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Mitch Heller sees the same trend every fall: When the temperature starts to go down, his fireplace business heats up.
"People are not very proactive; they're reactive," said Heller, owner of the Custom Fireside Shops in Sacramento and Elk Grove, Calif. "They wait until they're cold before they come on in."
It's always warm and cozy in his store. The store has about 100 gas inserts on display; 40 are burning brightly at any one time.
"People want to see them on," he said. "Dress in layers when you shop; it gets hot in here."
This is the time of year homeowners go in search of (hot) deals on heat -- from natural gas to wood to pellets and electricity.
The best sellers: gas inserts.
"There are so many more options now," Heller said of gas. "They're not only more efficient, but they look better. They're pretty darn realistic."
Bob Mandelson, who recently bought a home, is among consumers shopping for a gas insert.
"The house has this giant hole," he said of the fireplace. "I was just going to burn firewood. But my next-door neighbor said, 'Don't!' There could be soot buildup, I could start a flue fire and it could burn the house down."
In addition to lessening fire danger, Mandelson also was attracted to the idea of saving energy and money to heat his home.
"With an efficient fireplace insert, I could probably heat the whole house, or at least the rooms I use," he added.
So Mandelson decided to start doing some homework. "I learned what to consider: BTUs, noise, flexibility, visual appeal, efficiency, warranty and ignition -- whether it's self-igniting or not," he said. "There's a lot to consider."
Rebate, tax credit and incentive programs also spark interest in inserts. For example, Mandelson's insert could qualify for up to $750 in incentives.
Another reason for the rise in popularity: Consumers can save money by zone heating, warming an area in use instead of heating the whole house.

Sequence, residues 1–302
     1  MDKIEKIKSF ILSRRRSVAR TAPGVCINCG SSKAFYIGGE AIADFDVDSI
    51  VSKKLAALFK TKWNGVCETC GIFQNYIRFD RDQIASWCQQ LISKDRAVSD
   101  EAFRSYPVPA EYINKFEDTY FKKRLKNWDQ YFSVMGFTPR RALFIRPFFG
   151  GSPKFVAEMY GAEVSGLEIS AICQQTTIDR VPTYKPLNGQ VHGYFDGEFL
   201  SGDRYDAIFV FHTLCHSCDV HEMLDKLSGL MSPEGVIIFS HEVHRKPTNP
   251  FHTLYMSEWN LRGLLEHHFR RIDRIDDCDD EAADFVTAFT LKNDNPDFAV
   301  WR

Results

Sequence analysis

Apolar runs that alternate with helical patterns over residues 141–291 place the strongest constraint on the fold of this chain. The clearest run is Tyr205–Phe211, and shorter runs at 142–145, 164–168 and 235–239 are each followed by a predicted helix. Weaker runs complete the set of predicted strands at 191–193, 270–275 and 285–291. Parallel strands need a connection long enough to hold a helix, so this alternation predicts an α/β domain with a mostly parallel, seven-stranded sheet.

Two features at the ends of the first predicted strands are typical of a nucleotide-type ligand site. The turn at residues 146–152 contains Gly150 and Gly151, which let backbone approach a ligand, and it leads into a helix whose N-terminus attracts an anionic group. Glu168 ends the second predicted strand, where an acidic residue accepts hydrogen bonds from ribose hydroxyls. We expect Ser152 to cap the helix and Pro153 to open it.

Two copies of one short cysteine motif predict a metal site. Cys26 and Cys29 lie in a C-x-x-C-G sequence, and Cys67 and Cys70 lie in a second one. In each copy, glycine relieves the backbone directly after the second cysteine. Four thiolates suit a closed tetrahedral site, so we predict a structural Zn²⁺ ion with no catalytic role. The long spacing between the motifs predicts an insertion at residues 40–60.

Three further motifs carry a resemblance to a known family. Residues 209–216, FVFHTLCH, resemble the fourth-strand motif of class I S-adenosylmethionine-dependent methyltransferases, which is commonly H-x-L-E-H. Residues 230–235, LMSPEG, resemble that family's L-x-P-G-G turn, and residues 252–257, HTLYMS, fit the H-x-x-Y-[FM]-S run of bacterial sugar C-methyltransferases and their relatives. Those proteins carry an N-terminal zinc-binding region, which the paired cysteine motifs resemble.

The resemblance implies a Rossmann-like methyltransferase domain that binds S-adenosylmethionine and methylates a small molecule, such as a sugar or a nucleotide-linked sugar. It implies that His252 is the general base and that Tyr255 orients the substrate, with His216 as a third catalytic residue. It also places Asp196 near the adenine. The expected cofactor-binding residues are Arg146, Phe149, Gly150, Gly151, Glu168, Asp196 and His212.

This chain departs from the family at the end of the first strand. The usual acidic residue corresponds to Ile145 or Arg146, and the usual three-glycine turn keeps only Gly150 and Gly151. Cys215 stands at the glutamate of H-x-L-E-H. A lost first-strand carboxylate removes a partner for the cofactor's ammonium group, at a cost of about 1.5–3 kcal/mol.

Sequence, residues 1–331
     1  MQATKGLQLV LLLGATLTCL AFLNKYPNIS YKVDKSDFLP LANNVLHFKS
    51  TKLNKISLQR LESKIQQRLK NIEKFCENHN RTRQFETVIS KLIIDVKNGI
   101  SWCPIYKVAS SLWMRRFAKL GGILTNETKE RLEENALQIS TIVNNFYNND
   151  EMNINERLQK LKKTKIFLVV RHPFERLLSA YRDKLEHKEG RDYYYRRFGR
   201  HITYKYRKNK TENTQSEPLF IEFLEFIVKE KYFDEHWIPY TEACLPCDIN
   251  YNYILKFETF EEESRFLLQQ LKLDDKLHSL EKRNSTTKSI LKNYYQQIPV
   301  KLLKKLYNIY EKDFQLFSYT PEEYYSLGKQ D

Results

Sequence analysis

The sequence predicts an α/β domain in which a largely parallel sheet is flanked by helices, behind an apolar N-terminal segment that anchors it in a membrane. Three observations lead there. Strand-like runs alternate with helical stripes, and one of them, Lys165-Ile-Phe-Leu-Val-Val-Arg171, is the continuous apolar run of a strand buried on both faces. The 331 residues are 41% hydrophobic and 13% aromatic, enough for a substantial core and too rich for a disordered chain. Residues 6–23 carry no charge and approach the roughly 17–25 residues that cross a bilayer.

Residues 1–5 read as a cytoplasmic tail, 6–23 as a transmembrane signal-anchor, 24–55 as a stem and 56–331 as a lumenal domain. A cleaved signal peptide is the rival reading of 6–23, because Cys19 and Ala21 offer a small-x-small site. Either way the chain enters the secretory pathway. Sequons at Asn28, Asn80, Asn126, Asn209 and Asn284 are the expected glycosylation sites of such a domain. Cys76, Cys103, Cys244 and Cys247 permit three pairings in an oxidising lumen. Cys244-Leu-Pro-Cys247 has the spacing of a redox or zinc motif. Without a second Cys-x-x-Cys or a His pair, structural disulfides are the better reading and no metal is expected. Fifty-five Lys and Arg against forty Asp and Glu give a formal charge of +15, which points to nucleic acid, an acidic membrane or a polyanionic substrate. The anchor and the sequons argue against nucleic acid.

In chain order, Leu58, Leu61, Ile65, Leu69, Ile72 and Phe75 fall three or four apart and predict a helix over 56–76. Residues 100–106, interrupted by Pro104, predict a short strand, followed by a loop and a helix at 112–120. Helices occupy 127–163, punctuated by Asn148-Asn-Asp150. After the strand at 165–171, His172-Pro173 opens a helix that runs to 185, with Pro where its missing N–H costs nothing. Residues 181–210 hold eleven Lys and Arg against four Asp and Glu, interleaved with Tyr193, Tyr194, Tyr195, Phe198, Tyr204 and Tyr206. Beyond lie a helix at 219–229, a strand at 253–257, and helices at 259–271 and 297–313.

"Most families spend a majority of their time in one or two rooms in their home, so using a fireplace or wood stove to heat only those rooms can cut back heating costs significantly," said Jess Baldwin, vice president of Vermont Castings. "If a home isn't already equipped with one of these products, they can typically be put in at a reasonable cost. Installing a fireplace or wood stove is actually much more affordable than homeowners think."
Some models cost less than $3,000 plus installation, Baldwin added. With proper venting, these modern gas-burning fireplaces can be placed in nontraditional places, such as second-floor bedrooms or in the center of a home, away from outer walls.
Fireplaces now are treated as appliances, said Bob Dishner, marketing director for Lennox Hearth Products.
"Years ago, a fireplace would be built by a mason, brick by brick," Dishner said. "Now, it's a manufactured appliance, similar to a furnace. It's treated and labeled like any major appliance, too, with energy standards and ratings. And it installs easily and quickly."
The low cost of natural gas has helped spur interest in inserts and all-gas fireplaces.
"Right now, natural gas is still relatively inexpensive and it's expected to stay that way," Heller said.
An efficient gas insert costs 30 to 50 cents an hour to operate and produces enough heat to warm up to 1,500 square feet.
"That allows home owners to keep the whole-house furnace off and save money," Dishner said. "The No. 1 search on our website is consumers looking for gas inserts. It's a way people can turn an existing fireplace into something they use and enjoy more often."
In a typical conversion, two ducts are run up the chimney: One to bring air in, the other for exhaust. The conversion can cost less to install than repairing a defective chimney.
"The insert does not fit your fireplace exactly; there's always a gap," Dishner explained. "But now there are so many different styles. You can find one for any decor."
An option for all-electric homes: an electric fireplace.
Makers of several models, Twin-Star Classic Flame electric fireplaces use LED lights to mimic burning logs and embers. The unit stays cool to the touch, but warms the room like an electric space heater.
The Twin-Star models don't need installation -- just a standard 120-volt outlet to plug in.
"Electric fireplaces are primarily to look at," Heller said. "Most are 1,500 watts, but only heat 200 to 300 square feet."
Stoves that burn wood pellets also are gaining in popularity.
"Our sales are up 20 percent over last year," Heller said of such stoves.
Regardless of what's powering the flames, there's something magical about a glowing fireplace on a cold winter night.
"A fireplace brings family together," Dishner said. "People like to sit around the fire and relax. It adds a lot more to a room than warmth."
Contact Debbie Arrington at firstname.lastname@example.org.